Insect Biodiversity

T.Y.B.Sc Zoology Pune University, Semester II Paper V

ZY-345: Paper V
Total Lectures: 45.
Introduction: (2)
1.1 Definition & scope.
1.2 Types of diversities among insects.
2. Insect & it’s environment: (4)
2.1 Insect diversity & adaptations with reference to terrestrial habitats: forest, agriculture, subterranean, cave, glacier, mountain & desert.
2.2 Insect diversity & adaptations with reference to aquatic habitats : river, stream, lake, pond, torrents, marine, estuarine & ephemeral water bodies.
3. Population dynamics of Insects: (3)
3.1 Concept of population dynamics.
3.2 Factors affecting population dynamics in insects.
3.3 Seasonal variations in insect populations.
4. Insect taxonomy: (9)
4.1 Outline of scheme of classification of insects as given by Richards & Davis.
4.2 Distinguishing features of Apterygotan insects.
4.3 Distinguishing features of Pterygotan insects : Exopterygota & Endopterygota.
4.4 Distinguishing taxonomic features & significance of following major insect orders:
Orthoptera, Diptera, Hemiptera, Lepidoptera & Coleoptera.
4.5 Useful contribution in molecular phylogenetic studies.
5. Insects in social groups: (5)
Definition, intraspecific & interspecific relationships among insects.
5.2 Social organizations in ants, wasps & termites.
5.3 Significance of social organizations.
6. Food & feeding behavior in insects: (4)
6.1 Selection of food by insects.
6.2 Food diversity among insects.
6.3 Significance of diversity in food & feeding habits.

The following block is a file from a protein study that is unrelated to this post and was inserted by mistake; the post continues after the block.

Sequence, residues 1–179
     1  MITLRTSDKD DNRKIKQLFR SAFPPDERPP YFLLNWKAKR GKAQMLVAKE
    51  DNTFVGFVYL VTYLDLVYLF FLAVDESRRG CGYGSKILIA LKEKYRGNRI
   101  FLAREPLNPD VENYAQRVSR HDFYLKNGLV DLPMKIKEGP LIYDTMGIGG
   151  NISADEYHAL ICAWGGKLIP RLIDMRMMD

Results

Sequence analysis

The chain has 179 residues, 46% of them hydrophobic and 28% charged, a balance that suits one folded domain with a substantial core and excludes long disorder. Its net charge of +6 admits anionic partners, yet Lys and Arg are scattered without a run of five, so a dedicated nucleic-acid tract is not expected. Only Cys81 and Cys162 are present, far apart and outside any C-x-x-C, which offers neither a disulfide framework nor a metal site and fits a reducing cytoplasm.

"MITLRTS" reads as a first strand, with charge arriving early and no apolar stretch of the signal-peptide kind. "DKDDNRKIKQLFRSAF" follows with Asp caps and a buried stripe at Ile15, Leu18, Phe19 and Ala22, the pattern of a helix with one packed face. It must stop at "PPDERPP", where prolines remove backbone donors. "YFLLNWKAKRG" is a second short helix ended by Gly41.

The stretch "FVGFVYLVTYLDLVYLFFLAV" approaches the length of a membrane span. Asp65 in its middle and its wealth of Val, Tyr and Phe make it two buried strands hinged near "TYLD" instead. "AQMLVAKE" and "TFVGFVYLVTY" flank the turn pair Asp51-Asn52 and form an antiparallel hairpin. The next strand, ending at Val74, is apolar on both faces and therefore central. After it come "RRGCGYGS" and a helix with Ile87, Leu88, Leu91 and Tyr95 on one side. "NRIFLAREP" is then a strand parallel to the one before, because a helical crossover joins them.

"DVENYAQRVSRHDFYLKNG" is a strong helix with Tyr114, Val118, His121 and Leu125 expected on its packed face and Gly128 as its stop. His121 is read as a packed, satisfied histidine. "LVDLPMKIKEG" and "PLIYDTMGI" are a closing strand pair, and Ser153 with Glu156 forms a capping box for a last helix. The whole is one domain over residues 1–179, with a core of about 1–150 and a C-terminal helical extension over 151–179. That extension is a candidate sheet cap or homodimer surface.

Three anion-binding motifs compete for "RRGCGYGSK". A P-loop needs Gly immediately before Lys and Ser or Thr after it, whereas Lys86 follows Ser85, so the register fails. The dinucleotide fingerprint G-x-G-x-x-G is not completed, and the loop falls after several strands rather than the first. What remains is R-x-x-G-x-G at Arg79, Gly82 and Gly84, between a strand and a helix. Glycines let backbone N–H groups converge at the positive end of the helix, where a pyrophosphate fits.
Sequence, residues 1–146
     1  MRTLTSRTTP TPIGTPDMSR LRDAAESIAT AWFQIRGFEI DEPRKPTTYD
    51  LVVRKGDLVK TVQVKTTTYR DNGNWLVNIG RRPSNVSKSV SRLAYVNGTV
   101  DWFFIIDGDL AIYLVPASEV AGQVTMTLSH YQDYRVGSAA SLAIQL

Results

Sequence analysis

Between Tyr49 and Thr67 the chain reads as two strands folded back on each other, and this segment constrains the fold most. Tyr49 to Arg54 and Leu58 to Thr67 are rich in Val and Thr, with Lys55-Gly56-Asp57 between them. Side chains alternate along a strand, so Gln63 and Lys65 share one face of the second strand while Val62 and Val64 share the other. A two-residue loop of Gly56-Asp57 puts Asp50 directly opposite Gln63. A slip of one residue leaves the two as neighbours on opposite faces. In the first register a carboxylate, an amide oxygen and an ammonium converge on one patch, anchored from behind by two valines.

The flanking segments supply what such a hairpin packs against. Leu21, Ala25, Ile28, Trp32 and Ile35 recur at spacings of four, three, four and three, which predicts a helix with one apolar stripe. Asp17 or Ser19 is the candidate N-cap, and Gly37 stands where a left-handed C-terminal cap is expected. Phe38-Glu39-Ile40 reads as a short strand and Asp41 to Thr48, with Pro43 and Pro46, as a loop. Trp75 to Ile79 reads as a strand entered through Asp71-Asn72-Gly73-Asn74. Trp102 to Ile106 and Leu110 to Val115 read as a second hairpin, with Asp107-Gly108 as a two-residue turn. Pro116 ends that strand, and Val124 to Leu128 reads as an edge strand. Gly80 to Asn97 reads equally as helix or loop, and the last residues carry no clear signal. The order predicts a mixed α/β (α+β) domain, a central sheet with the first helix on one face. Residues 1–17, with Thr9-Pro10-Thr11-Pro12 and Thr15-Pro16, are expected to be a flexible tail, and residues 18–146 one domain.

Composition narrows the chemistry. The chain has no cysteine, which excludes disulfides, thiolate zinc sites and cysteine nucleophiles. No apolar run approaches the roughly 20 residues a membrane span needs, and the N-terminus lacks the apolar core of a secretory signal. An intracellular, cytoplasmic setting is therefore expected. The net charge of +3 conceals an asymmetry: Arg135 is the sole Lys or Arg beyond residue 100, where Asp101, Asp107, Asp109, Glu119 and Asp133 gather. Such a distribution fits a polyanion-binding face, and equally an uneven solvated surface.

7. Breeding behavior in insects: (6)
7.1 Diversity in courtship & oviposition behavior in insects.
7.2 Diversity in oviposition sites among insects.
7.3 Parental care & nest building diversity in insects.
7.4 Diapause behavior in insects.
8. Diversity in insect relationships:
8.1 Diversity in mutualistic associations: ant-aphids, ant-coccids, ant-bug, ant-butterfly &
ant- membracids.
8.2 Insects as predators, parasites & parasitoids.
8.3 Insect plant interaction: Role of insects as plant bodygaurds.
9. Survival strategies in insects: (3)
Escape, flight, sting, poison, mimicry, hide, camouflage & migration.
10. Effect of changing climate & human interference on insect diversity: (4)
10.1 Impact of global changes on diversity of insects at various levels such as local, regional, national & global.
10.2 Important steps essential for conversation & management of insect diversity.
Reference books:
1.Imm’s General Text book of Entomology Vol. I & 11(1993), Richards O.W. &Davis R.F.., B.I. Pul (Indian edition) New Delhi.
2. Principals of insect morphology, Snodgrass R.E. (1994) Indian Reprint, SBS Pub. New Delhi.
3. Structure & functions of Insects. Chapman R.F. (1983), edition, ELBS, London.
4. Entomology, Gillott Cedric (1980), Plenum Press, New York.
5.The Science of Entomology, Romoser W.S. (1981) 2’’ edition, Mac millon Co., New York.
6. General Entomology, Mani M.S. (1998) Reprint Oxford- IBH, India.
7 An Introduction to Entomology, Srivastav R.D. & Singh R.P. (1997), Concept Pub. New Delhi.
8.General & Applied Entomology, Nayar K.K., T.N. anantkrishanan & B.V. David, (1983), tata McGrow Hill, Pub. New Delhi.
9. Insects, Mani M.S. (2006) Reprint NBT Pub. New Delhi.

Population Dynamics
A population describes a group of individuals of the same species occupying a specific area at a specific time. Some characteristics of populations are the population density, the birthrate, and the death rate. And immigration (Foreigners coming to settle in our country) into the population, or emigration ( leaving own country to settle elsewhere) out of it.
Together, these population parameters, or characteristics, describe how the population density changes over time. The ways in which population densities fluctuateincreasing, decreasing, or both over timeis the subject of population dynamics.
Population density measures the number of individuals per unit area, for example, the number of deer per square kilometer. Although this is straightforward in theory, determining population densities for many species can be challenging in practice.
I. Insect Populations and Population Dynamics.